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Title: Wattleseed  
Author: World Heritage Encyclopedia
Language: English
Subject: Jean-Paul Bruneteau, Pseudocereal, Australian cuisine, Pseudocereals, Bush bread
Collection: Australian Cuisine, Bushfood, Desert Fruit, Drought-Tolerant Plants, Edible Legumes, Pseudocereals
Publisher: World Heritage Encyclopedia


Steamed Apple Charlotte with Wattle Seed Ice Cream and a Creme Anglaise

Wattleseeds are the edible seeds from any of the 120 species of Australian Acacia that were traditionally used as food by Aboriginal Australians, and eaten either green (and cooked) or dried (and milled to a flour) to make a type of bush bread.

Acacia seed flour has recently gained popularity in Australia due to its high nutritional content, hardiness, availability, and low toxicity. Due to its low glycemic index, it is also often incorporated into diabetic foods. Vic Cherikoff (a significant pioneer in the Australian native food industry) developed Wattleseed as a flavouring in 1984 from selected species and is now the major commercial product used due to its chocolate, coffee, hazelnut flavour profile. It is often added to ice cream, granola, chocolate, bread, and widely used by chefs to enhance sauces and dairy desserts. Baron's Brewery in Sydney produces Wattle Seed Ale, a spiced ale that is lightly flavoured with Wattleseed. In the United States city of Milton, Dogfish Head Brewery produce a beer named Urkontinent made with Wattleseed, among other spices.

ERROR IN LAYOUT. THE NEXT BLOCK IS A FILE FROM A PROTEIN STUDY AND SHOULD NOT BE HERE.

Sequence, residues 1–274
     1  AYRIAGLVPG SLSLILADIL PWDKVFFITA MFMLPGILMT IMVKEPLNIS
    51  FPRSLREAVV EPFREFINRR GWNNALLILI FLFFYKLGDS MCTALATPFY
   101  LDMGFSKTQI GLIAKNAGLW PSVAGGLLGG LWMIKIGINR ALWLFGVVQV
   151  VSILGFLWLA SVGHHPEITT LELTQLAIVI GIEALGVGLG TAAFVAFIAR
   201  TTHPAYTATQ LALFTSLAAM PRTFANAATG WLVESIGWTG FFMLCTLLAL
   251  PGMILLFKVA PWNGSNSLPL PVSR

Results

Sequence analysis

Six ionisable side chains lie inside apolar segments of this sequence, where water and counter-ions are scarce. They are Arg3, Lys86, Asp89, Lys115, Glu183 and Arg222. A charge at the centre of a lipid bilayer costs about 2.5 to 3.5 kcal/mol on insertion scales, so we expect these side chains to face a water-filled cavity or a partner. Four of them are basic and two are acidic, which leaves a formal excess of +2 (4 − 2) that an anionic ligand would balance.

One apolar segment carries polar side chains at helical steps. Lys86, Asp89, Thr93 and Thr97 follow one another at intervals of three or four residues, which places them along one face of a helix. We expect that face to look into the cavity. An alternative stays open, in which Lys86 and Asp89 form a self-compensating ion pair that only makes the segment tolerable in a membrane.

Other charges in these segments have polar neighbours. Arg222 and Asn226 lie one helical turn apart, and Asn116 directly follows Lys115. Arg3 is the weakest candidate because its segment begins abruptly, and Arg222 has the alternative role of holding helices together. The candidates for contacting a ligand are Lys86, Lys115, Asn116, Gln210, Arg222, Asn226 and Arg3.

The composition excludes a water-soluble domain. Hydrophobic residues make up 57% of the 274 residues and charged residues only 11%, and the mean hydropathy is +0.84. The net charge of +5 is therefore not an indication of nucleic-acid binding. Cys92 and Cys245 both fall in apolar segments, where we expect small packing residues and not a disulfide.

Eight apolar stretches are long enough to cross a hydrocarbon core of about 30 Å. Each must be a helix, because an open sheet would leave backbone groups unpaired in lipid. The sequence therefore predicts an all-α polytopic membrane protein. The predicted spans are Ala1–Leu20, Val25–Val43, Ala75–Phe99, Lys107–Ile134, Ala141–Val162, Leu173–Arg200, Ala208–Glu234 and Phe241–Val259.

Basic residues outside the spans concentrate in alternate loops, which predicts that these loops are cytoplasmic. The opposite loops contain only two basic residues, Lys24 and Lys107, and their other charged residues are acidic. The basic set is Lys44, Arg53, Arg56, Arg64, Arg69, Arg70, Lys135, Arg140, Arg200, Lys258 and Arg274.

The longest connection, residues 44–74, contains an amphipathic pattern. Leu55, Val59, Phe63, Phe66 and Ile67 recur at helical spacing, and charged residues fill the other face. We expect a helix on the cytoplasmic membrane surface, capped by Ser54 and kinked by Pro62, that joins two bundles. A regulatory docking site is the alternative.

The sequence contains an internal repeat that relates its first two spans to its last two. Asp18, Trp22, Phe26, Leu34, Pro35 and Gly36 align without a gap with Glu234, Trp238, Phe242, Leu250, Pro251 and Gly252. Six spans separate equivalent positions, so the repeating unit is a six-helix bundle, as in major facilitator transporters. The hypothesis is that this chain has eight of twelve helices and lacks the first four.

• "Wattleseed". Vic Cherikoff. Retrieved 25 March 2006.  (general information)
  • "Wattleseed Extract". Vic Cherikoff. Retrieved 25 March 2006.  (general information)
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